Jun272012

Crockpot Greek Yogurt, Redux

Crockpot Greek Yogurt

Several months ago I wrote about making my own Greek yogurt in the crockpot. Since then, I’ve made a batch weekly, and have adapted things a bit to work better for me.

I’m reposting with my streamlined method both as a reference for myself (so I can get rid of my ratty notes) and because Mike’s coworkers have demanded to know where he’s getting the yogurt he eats every morning, and he wants to send them here (hi guys!).

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Apr112012

Crockpot Ham and White Beans

Crockpot Ham and White Beans

One thing I really love about big holiday dinners are the leftovers I get to play with for the next several days! I love that I can spend just one day with the main dish, and then use it for several different ones over the course of the next few days (or months if you freeze it!) without having to buy any more.

For Easter this year I made a nice big ham with all the sides, and after dinner was over we spent some time portioning out containers of ham to use for sandwiches and other meals like split pea soup, red beans and rice, and the ham and white bean recipe below.

I like to use this one throughout the year (using a package of diced ham from the store is just fine if you crave it post- or pre-Easter) and the family loves it — even the kid who hates beans asks for seconds!

I get six good servings from this, and you can easily adjust it if you need more.

Crockpot Ham and White Beans

1 lb dried northern beans, sorted and rinsed (do not pre-soak)
1 lb ham (ham bone, diced ham, leftover ham, etc)
2 teaspoons onion powder
1 tsp Cajun seasoning
1-2 tsp kosher salt (or to taste)
1 tsp black pepper
6 cups chicken broth

Put the rinsed beans, ham, and broth in the crockpot. Add onion powder, Cajun seasoning, salt and pepper and stir gently just to combine. Cover and cook on low for 8 hours, until beans are tender. Remove ham bone and pull off meat, put meat back in the crockpot and discard ham bone.

For a thicker soup, remove 1-2 cups of beans and stock and combine in a blender. Add back to the crockpot and stir. Garnish with grated Parmesan cheese.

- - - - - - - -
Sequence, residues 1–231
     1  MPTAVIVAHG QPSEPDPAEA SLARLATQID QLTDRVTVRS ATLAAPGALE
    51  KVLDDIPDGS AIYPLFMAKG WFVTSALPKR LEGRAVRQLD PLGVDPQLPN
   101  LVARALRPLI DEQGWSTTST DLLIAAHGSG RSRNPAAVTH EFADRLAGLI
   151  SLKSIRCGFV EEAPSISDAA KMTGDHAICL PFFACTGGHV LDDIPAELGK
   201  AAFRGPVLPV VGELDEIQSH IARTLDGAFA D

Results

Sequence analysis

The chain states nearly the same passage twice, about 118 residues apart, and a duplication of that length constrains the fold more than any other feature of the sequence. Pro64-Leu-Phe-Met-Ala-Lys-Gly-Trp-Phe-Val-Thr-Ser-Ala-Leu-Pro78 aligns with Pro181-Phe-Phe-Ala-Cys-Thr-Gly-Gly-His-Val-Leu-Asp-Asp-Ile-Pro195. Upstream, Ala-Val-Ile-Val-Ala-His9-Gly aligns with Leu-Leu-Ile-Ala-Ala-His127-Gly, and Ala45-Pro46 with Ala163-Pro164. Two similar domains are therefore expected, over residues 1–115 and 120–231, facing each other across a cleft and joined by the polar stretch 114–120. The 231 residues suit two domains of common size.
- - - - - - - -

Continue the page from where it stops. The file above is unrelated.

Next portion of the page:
Apr92012

Greek Yogurt in the Crockpot

Greek Yogurt in the Crockpot

Last week I made my own Greek yogurt! The process was so easy and inexpensive that I’d like to try and do it on a weekly basis.

Yogurt is one of those things I’ve never really considered being able to make at home. Like cheese, or even soap, it’s something I’ve just always assumed you buy, why on Earth would you try making it yourself? (For the record, I have made my own soap, and it’s definitely more fun than buying it!)

Greek Yogurt in the Crockpot

The original “recipe” (and I put recipe in quotation marks because there’s not much to it!) came from here.

The steps are pretty basic: I used a half gallon of 2% milk and just dumped it into my clean crockpot (I decided not to use a crockpot liner for this one). I set it on low and though the instructions say it’ll reach 180 degrees in about 2.5 hours, mine took closer to 4 (I used a digital thermometer to check).

At this point I combined the info on the blog with one of the comments further down.

When it got up to temperature, I turned off the crockpot and left the lid off for about 2 hours until the temperature got down to 105. Then I added half a cup of Oikos Greek yogurt as a starter directly into the crockpot and combined it with a whisk.

The blog says to wrap the crock up in towels and place it in your oven for the night with the light on. I completely bypassed that step. I wrapped the crock in towels but left it on my counter overnight (actually closer to 12 hours).

When I got up in the morning the yogurt looked beautiful (see first pic above), and I was ecstatic. It smelled right, it felt right and it tasted right!

(I will admit to being a little nervous about leaving a milk product out for so long!)

Greek Yogurt in the Crockpot

Before I did anything else, I scooped out half a cup of the unstrained yogurt to keep in the fridge as the starter for my next batch, as suggested in the comments.

I also did not transfer the crock to the fridge for three hours before straining. I felt this was unnecessary, as the commenter mentioned, so it went directly into a cheesecloth-lined strainer which was placed over a bowl. While it strained I put the whole thing into the fridge for about two hours.

Greek Yogurt in the Crockpot

It turned out perfectly! And you can’t beat $3 for this much Greek yogurt!

[originally posted at pinspired.org]